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http://dx.doi.org/10.1177/0192623320975841DOI Listing
June 2021

An Australian, single-centre study of surgical management outcomes for early-stage cervical cancer.

Aust N Z J Obstet Gynaecol 2021 02 27;61(1):123-127. Epub 2020 Jul 27.

Lifehouse Gynaecological Oncology Group, Chris O'Brien Lifehouse, Sydney, NSW, Australia.

Background: The Laparoscopic Approach to Cervical Cancer (LACC) trial is the first phase III randomised, multicentred trial to compare oncologic outcomes associated with open radical hysterectomy vs minimally invasive surgery (MIS) for treatment of early cervical cancer.

Aim: To evaluate our surgical experience in patients with early cervical cancer.

Methods And Materials: The Lifehouse Gynaecologic Oncology database was queried based upon the eligibility criteria of the LACC study and included all FIGO 2009 stage (1A1 with lymph vascular space invasion, 1A2, 1B1) cervical cancer women from 2008-2018. Patients were also included in our study if they had abdominal radical trachelectomy (ART), laparoscopic radical hysterectomy (TLRH) and robotic radical trachelectomy (RRT).

Results: Forty-six women were identified with four exclusions. Thirty-seven women had stage 1B1 disease, 24 had a squamous cell carcinoma, 15 had an adenocarcinoma and three had an adenosquamous carcinoma of the cervix. Of the 42 eligible patients, 32 underwent an open abdominal approach (26 total abdominal radical hysterectomy (TARH), six ART) and ten a MIS approach (nine TLRH and one RRT) with a mean follow-up of 4.8 years. All 42 women had a pelvic lymph node dissection, eight women had nodal metastases and 16 patients received adjuvant chemoradiation. Two of the nine women in the laparoscopic radical hysterectomy group had a recurrence. Both had adenocarcinoma, stage 1B1 disease. There were no recurrences in the TARH group or radical trachelectomy groups.

Conclusion: Our data, albeit limited in number, have reflected the results of the LACC trial that MIS was associated with a lower disease-free survival than open radical hysterectomy.
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http://dx.doi.org/10.1111/ajo.13219DOI Listing
February 2021

Haemolymphatic cancer among children in Sardinia, Italy: 1974-2003 incidence.

BMJ Open 2020 11 3;10(11):e037163. Epub 2020 Nov 3.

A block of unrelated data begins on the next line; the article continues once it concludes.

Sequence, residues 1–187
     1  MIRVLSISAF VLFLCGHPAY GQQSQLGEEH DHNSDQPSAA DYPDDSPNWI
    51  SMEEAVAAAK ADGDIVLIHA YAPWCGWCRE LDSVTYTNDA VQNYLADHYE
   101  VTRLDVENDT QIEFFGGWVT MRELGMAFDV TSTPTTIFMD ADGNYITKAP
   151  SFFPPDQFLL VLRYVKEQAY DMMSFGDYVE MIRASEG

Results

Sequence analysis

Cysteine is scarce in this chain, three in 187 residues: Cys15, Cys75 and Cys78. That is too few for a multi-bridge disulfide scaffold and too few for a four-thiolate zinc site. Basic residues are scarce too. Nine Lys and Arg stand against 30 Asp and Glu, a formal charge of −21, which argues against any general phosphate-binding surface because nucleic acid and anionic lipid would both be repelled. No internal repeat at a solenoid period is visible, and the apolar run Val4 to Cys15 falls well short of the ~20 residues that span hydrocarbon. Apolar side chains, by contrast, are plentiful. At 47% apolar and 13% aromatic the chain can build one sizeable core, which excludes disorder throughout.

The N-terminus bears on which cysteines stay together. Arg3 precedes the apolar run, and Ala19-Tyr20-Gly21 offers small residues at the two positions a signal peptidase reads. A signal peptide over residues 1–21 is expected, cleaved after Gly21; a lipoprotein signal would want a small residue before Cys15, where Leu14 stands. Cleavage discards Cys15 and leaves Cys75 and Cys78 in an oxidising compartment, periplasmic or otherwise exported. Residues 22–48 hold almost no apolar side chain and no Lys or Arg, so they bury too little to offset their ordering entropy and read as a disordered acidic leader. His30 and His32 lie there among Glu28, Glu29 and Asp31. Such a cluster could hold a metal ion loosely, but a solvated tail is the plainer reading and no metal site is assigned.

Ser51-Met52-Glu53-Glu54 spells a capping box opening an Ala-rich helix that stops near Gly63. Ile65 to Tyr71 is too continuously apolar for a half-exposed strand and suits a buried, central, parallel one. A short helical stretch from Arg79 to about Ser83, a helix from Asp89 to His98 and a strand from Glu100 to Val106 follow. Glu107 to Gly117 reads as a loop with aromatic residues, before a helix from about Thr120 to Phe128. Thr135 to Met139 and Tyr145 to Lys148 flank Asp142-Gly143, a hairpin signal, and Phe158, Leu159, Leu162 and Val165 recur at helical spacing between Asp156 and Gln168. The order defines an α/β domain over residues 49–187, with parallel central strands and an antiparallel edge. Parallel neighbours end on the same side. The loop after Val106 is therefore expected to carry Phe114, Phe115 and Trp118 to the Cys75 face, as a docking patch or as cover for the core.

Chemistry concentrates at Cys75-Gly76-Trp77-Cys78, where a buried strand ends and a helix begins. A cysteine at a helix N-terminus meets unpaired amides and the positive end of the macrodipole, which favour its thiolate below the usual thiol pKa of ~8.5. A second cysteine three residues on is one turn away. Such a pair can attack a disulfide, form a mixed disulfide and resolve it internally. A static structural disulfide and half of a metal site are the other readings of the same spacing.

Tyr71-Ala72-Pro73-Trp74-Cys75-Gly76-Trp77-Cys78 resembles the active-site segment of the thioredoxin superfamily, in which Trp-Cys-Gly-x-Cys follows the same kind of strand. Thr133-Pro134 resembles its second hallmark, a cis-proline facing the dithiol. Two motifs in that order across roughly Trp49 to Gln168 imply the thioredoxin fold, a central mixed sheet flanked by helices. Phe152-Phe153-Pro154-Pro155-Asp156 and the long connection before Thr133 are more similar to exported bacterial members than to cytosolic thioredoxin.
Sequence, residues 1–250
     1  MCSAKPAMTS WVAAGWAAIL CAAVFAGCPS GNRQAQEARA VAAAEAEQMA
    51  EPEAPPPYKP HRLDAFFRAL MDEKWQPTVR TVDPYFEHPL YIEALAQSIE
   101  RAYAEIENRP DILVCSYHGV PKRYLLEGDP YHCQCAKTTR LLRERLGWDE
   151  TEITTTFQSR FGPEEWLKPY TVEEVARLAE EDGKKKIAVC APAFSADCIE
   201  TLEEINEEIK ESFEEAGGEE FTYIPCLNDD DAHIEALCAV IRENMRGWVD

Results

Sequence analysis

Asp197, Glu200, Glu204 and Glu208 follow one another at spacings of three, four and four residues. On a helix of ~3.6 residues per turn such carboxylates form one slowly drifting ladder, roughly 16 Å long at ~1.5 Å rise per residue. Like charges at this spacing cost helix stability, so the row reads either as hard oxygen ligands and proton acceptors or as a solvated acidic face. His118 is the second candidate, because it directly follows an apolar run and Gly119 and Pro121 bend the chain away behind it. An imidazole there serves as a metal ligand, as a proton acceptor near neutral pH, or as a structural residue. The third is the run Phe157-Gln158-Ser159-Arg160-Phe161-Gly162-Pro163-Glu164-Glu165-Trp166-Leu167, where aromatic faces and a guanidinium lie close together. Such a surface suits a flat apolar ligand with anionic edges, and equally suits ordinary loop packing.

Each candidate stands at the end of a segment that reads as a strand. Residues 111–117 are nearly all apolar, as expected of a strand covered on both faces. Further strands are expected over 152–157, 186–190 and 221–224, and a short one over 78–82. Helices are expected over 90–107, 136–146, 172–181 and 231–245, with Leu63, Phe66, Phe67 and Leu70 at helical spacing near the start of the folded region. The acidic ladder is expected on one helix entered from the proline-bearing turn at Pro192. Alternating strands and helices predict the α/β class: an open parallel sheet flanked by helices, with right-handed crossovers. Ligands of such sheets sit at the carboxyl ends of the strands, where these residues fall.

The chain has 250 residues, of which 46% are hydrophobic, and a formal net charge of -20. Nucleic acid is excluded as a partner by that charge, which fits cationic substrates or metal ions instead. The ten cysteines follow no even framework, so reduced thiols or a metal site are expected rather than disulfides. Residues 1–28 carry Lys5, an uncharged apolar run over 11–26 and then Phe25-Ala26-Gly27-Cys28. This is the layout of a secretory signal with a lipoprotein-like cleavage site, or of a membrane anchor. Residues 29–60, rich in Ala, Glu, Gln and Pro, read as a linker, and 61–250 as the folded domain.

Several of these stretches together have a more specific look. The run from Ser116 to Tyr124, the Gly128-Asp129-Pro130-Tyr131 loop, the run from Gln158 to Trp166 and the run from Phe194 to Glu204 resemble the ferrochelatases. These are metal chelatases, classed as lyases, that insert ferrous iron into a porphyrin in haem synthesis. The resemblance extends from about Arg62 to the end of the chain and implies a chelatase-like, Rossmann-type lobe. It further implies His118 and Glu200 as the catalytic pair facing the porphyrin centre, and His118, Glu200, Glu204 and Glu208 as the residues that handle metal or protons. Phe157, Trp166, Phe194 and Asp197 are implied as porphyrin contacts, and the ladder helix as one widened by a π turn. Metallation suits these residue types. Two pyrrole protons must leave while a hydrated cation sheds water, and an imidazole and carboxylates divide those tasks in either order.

Department of Medical Sciences and Public Health, University of Cagliari, Cagliari, Italy.

Objectives: To explore the time trend and geographical distribution of childhood leukaemia incidence over the territory of the Italian region of Sardinia.

Setting: All hospitals departments, diagnostic centres and social security agencies in Sardinia were regularly screened in 1974-2003 to identify, register and review the diagnoses of incident cases of haematological malignancies (HM).

Participants: The whole child population aged 0-14 resident in Sardinia.

Primary And Secondary Outcome Measures: Incidence and time trend of childhood HM and childhood acute lymphoblastic leukaemia (ALL) over the study period, and use of Bayesian methods to plot the probability of areas with excess incidence on the regional map.

Results: Overall, 675 HM cases, including 378 ALL cases, occurred among children aged 0-14 years resident in Sardinia in 1974-2003, with an incidence rate of 6.97×10 (95% CI 6.47 to 7.51) and 3.85×10 (95% CI 3.48 to 4.26), respectively. Incidence of HM and ALL showed an upward trend along the study period especially among females. Three communes out of the 356 existing in 1974, namely Ittiri, Villa San Pietro and Carbonia, stand out as areas with excess incidence of HM and ALL in particular and another, Carloforte, for ALL only.

Conclusions: Our results might serve as convincing arguments for extending the coverage of routine cancer registration over the whole Sardinian population, while prompting further research on the genetic and environmental determinants in the areas at risk.
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http://dx.doi.org/10.1136/bmjopen-2020-037163DOI Listing
http://www.ncbi.nlm.nih.gov/pmc/articles/PMC7640504PMC
November 2020

Assessment of current follow-up for complete molar pregnancies: A single centre review.

Aust N Z J Obstet Gynaecol 2021 04 8;61(2):213-216. Epub 2020 Oct 8.

Department of Gynaecology Oncology, Chris O'Brien Lifehouse, Sydney, Australia.

Background: Current guidelines recommend that resolution of a complete molar pregnancy (CMP) can only be confirmed once a negative β-human chorionic gonadotropin (β-hCG) has been maintained for six months following uterine surgical evacuation. However, multiple studies have found that the risk of developing gestational trophoblastic neoplasia (GTN) once a negative β-hCG had been obtained is negligible, which suggests that a shorter follow-up may be reasonable.